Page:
New Vision (Kampala)

31 May 2012

Uganda: Corruption Becoming More Sophisticated - IGG

A total of 64 public officers were arrested for corruption-related offences by the Inspector General of Government (IGG) and charged in courts of law in the last one year.

According to the IGG's 26th report to Parliament, between July and December 2011, the inspectorate received or initiated 1,254 complaints including 72 investigations that arose from 163 audit reports. Of these, 836 were corruption cases accounting for the highest number of complaints.

The officials were arrested for offences that included abuse of office, soliciting and receiving gratification, causing financial loss, theft, uttering false documents, embezzlement, false accounting. Other offences included bribery, conspiracy to defraud, obtaining goods by false pretense and disobedience of IGG's summons.

Among the charged officials were cabinet foreign affairs minister Sam Kuteesa, Government Chief Whip John Nasasira and the Labour State minister Mwesigwa Rukutana.

The three ministers were charged with abuse of office charges relating to the mismanagement of the funds meant for Commonwealth Heads of Government Meeting in 2007. However, the Constitutional Court recently stopped the IGG from prosecuting the three ministers because the inspectorate is not fully constituted.

Others public officials arrested and charged for corruption-related offences within the period included Lt. Santos Okot Lapolo the Kitgum resident district commissioner, police officers, district chairpersons and district local government officials.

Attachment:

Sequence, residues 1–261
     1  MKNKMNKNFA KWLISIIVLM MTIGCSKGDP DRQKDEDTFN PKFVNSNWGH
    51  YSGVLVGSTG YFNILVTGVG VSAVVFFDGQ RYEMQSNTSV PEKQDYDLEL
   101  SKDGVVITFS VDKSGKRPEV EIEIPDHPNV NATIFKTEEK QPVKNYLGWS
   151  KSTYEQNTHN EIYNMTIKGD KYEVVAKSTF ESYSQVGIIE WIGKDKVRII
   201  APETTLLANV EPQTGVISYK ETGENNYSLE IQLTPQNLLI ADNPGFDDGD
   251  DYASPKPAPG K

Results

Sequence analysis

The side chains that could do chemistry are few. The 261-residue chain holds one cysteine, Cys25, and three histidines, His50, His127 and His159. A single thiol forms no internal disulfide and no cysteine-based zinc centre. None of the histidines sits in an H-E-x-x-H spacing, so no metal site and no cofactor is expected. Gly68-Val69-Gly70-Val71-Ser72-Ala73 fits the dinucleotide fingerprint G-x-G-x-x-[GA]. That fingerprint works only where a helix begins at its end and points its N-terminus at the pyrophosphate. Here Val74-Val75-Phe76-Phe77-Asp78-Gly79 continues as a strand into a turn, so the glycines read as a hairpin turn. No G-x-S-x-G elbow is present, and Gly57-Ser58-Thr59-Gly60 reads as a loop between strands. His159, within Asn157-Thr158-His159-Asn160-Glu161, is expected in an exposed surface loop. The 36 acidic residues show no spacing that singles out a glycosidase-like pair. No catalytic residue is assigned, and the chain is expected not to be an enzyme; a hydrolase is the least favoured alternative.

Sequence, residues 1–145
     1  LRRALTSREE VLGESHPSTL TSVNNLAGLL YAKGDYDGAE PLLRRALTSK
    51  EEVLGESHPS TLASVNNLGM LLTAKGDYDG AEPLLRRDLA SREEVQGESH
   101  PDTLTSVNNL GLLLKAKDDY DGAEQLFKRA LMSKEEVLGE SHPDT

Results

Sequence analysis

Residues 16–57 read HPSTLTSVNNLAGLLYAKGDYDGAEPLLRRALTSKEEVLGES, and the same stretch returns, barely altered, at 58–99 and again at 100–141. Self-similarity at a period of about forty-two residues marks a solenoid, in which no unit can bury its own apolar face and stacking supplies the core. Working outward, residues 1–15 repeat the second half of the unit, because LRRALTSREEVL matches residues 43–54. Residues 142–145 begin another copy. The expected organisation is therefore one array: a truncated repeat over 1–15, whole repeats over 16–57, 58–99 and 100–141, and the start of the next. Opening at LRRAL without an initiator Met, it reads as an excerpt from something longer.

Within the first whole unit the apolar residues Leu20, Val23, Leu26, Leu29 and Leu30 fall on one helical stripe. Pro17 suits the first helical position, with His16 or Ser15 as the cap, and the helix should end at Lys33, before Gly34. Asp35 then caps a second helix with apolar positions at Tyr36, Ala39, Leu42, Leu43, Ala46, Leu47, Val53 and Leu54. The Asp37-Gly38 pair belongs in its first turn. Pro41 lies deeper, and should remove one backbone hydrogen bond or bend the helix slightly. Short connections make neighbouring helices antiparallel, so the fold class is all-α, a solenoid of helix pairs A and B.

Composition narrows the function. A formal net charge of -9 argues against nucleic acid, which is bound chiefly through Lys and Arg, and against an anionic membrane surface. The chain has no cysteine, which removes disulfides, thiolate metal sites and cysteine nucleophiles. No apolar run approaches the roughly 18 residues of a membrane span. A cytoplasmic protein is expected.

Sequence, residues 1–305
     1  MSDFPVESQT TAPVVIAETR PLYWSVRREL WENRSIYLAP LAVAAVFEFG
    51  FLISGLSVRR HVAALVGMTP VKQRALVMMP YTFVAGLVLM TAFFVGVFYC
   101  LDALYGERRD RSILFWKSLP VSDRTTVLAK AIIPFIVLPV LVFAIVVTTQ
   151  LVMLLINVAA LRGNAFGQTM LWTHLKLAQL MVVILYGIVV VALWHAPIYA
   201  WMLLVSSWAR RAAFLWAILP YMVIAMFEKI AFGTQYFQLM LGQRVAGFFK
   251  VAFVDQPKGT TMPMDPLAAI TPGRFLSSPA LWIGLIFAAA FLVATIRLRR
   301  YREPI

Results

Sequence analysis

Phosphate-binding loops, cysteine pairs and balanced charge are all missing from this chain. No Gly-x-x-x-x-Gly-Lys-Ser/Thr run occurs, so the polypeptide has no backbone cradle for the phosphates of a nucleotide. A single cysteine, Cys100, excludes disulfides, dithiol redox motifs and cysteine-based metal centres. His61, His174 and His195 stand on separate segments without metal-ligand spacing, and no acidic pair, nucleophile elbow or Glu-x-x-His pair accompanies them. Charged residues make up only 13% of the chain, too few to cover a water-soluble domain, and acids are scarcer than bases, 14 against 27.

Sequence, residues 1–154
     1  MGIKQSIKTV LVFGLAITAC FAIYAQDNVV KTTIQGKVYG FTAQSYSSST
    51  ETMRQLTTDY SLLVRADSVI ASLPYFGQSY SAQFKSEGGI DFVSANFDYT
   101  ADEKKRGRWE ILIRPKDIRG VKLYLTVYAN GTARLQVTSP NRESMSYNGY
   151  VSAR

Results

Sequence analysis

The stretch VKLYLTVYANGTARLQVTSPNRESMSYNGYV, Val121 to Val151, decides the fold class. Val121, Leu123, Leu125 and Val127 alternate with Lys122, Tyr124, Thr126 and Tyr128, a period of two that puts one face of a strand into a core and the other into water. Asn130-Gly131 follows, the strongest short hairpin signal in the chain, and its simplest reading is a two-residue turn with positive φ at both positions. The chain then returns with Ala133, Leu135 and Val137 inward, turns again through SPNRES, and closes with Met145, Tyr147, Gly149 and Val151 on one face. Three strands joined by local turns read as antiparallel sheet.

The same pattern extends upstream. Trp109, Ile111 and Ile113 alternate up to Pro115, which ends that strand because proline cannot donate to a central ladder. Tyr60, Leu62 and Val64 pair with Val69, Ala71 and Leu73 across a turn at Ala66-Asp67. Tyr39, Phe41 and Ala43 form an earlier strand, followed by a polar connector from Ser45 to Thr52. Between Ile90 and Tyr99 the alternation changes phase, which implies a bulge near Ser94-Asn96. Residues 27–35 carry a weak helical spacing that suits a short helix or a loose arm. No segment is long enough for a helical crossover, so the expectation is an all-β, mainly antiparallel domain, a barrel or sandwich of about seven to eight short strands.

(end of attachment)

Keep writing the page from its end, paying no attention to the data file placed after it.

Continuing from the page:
While addressing journalists at his office Wednesday, the deputy IGG Raphael Baku said the inspectorate is facing a backlog of complaints that have not been resolved.

A total of 5,385 complaints including leaders' verifications were received. Out of these, 4,120 cases had been brought forward from the previous reporting period. Of these, the inspectorate investigated and completed a total 898 complaints and verifications. Also, 138 complaints were processed and referred to other institutions.

The inspectorate prosecuted a total 149 cases. Out of these, 110 were old cases, while 39 were new cases. There were also appeals resulting into acquittals as well as upholding of convictions. Other cases were dismissed while others were withdrawn.

However, Baku said that the inspectorate faces challenges in carrying out its roles because of underfunding and understaffing. "Corruption is becoming more sophisticated and it is challenging for our officers who are not trained," Baku said.

Baku also said that the public has high expectations from the anticorruption agency. However, the public does not report corruption incidents in their knowledge, while others decline to testify as witnesses in corruption cases.

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